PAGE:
Mass protests have been taking place across Myanmar (formerly known as Burma) since the country’s military seized power in a coup d’état on February 1st, 2021.
The military junta took the reins of power following a general election which Nobel Peace Prize laureate Aung San Suu Kyi and her National League for Democracy (NLD) won by a landslide. The elected leader is under “house arrest” in an unknown location ever since.
Sen. General Min Aung Hlaing, under whom the military intensified the crackdown on the (Muslim) Rohingya ethnic minority in Rakhine State in recent years, declared a one-year-long state of emergency and assumed all state power for this period.
It’s worth noting that Myanmar was a military dictatorship from 1962 until 2011.
The Ongoing Protest Movement
A strong movement of civil disobedience emerged in the first days of February in a vocal opposition to the new regime. The protests over the coup have been the largest since the so-called Saffron Revolution in 2007, when thousands of monks rose up against the previous military rule.
At first, spearheaded by medical workers, nurses and doctors, the movement started to grow with people from all walks of life joining in.
On February 6th, people finally took their protests onto the streets of Yangon and other cities across the South East Asian country. It’s estimated that around 100,000 people participated on this day alone in the protests in Yangon, Myanmar’s biggest city.
The protests were supported by several organizations, including student unions, labour unions, and a wide range of social justice activist groups. Among the social justice groups supporting the protests is the Yangon chapter of the international Food Not Bombs movement.
In 2020, when the COVID-19 pandemic hit Myanmar, the punks organized a huge support network for the people in need. Food Not Bombs also organized protests and mutual-aid campaigns in support of garment factory workers and labour unions as the factories shut down without any compensation to the workers.
Now, the Food Not Bombs activists are on the frontlines of the anti-coup movement, supporting protestors with medical masks, water, food and protection gear. As the protests intensify, the military is tightening their grip even more. Armoured vehicles rolled out onto the streets and the army cut off the state media TV & radios, local phone lines and access to internet.
Water cannons, tear gas, rubber bullets and live rounds were used against the protestors. Reports have shown civilians being dragged out of their houses at night and arrested by the police. More than 500 people, including many children, have been killed by the police & military, according to various reports.
100% Three Fingers in the Air Punk Rock: A Benefit Compilation
A benefit hardcore punk / crust compilation was organized by Bristol, UK’s F.O.T.K. band and Death Pint Records in coordination with Organize and Arise. The aim of the fundraiser is to set up a support network of solidarity with the work of Food Not Bombs Yangon during the now ongoing protests.
The money will be used to further support the protestors and people in need. Food Not Bombs Yangon is also teaming up with other activist organizations like labour and student unions.
This new compilation features tracks by Myanmar’s own The Rebel Riot and 24 other bands across the globe, including unreleased tracks by F.O.T.K (UK)., Nightfeeder (US), and Japanese ‘Burning Spirits’ originators Death Side, alongside tracks by the likes of Doom (UK), Exit-Stance (UK), Forward (Japan), War//Plague (US), Visions of War (Belgium), Cliterati (US), Phane (Canada), Orphanage Named Earth (Poland), Carburetor Dung (Malaysia), Detractors (US), Bratakus (Scotland), Genöme (Sweden), Crutches (Sweden), Zero Again (UK), and many more.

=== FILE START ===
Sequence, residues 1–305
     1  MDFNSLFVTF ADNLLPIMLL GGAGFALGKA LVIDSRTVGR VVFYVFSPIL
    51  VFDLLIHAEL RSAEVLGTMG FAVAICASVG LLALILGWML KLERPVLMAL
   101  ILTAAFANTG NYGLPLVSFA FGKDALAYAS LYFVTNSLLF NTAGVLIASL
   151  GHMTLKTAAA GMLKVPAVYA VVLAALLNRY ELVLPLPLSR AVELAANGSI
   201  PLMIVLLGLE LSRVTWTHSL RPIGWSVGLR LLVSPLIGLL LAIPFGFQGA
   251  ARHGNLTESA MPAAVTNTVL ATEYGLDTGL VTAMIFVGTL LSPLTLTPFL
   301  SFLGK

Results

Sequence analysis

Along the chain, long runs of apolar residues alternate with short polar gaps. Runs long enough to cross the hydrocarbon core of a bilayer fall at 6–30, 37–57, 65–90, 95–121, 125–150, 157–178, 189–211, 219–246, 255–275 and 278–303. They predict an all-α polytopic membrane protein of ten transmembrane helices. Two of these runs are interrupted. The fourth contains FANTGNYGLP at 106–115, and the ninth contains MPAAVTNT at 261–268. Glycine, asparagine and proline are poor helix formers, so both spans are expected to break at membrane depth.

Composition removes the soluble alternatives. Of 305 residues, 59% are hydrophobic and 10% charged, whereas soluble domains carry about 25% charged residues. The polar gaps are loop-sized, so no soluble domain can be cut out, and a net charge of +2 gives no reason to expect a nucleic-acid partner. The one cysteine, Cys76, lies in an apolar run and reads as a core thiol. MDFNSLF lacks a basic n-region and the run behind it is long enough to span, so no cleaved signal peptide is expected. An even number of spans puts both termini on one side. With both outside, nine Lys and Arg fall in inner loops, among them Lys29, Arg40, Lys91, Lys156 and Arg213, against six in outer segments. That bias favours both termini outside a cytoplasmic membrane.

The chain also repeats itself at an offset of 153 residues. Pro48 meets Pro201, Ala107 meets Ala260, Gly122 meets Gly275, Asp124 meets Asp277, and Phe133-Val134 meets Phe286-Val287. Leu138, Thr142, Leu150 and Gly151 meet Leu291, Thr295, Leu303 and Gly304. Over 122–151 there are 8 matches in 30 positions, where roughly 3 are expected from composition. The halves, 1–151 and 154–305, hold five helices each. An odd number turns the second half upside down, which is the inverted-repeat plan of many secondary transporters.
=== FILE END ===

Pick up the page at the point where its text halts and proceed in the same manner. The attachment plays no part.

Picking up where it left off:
To support the cause, follow the Bandcamp link and donate $10 or more.
In her latest music video, Valerie Orth shows imagery from Brazil, Hong Kong, USA. This is not surprising for those who know Valerie because she started out as an activist long before she started using music as a tool for change. Today, with her music, Valerie envisions a better world, and along with her music, she educates the young girls and women of today through the social projects that she helps to manage. Check out Valerie’s webpage where people can join her VIP club called Planet Orth.
Halldór Kristínarson: Your background lies in activism, rather than music, and you have traveled all the way to China for that work, but when did you start making music?
Valerie Orth: Actually I started singing when I was very young – 5 years old. Music has always been in my life. But once I started getting very involved in activism, I couldn’t focus on both. Grassroots organizing around economic and social justice took center stage. I was able to bring back music later, after college. I studied songwriting and formed a band in San Francisco.
HK: Not everyone is receptive to politics or activism in music. Do you consider that when you make songs? Have you ever felt resistance to your music or performances because of the message in the music?
VO: That’s a great question. I got more resistance from inside the industry (certain people I played with, managers, others trying to mold or direct me) than fans. I think my fans were instead drawn to my music because of its message, because of my outspokenness.
HK: In your home environment (where you live), are there many musicians using their talents for good, for activism or in protest? Any contemporary, protest musicians/colleagues you want to give a shout out to?
VO: Because of the pandemic, I’ve been temporarily displaced from Brooklyn and am staying with my mom in Maine. But back in NYC, yes, the very act of being a musician is a form of activism, ha, it’s such a financial challenge. And writing authentic music, music that’s really true to the artist, as opposed to what we’re told everyone wants to hear, is almost counter-culture. And being a woman in music – especially a female producer or engineer – whoosh, that is a whole other level of activism.
But women and gender-expansive artists and producers have come together in supportive collectives like Gender Amplified (NYC) and EQ Loves Music (Sweden) that have impacted me and many others. I’d like to give a shout out to all the folks involved in those groups.
HK: Can you tell us a bit about the activist projects you have going on besides your music, for example Beats by Girlz and the podcast you produce? Has this Covid year given you more time for such projects or have you kept busy performing online?
VO: I help run the Beats By Girlz NYC chapter with another great artist/activist/producer, Krithi. We teach music production to youth, which COVID has made extremely challenging, since our students generally don’t have access to laptops and stable internet, so remote teaching is difficult. We just got a grant (yay!) and are continuing to fundraise to get our chapter running again. I co-founded Song Camp, in the meantime, with soul singer/songwriter Michael Inge, to teach co-writing and collaborative production, especially in this time of isolation when kids really need community. We’ve been able to create a creative community for the kids and it’s been amazing. We’re planning on continuing with camps throughout 2021.